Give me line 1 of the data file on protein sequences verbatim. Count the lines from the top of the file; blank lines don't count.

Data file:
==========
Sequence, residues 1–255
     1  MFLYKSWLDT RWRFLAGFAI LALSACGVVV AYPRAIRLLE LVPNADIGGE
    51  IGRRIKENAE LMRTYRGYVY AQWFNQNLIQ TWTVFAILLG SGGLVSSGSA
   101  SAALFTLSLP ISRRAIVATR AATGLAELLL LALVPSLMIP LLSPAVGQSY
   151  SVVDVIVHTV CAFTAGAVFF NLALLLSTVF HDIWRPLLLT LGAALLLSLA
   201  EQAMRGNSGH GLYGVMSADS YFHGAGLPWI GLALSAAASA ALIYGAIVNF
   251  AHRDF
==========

Sequence, residues 1–255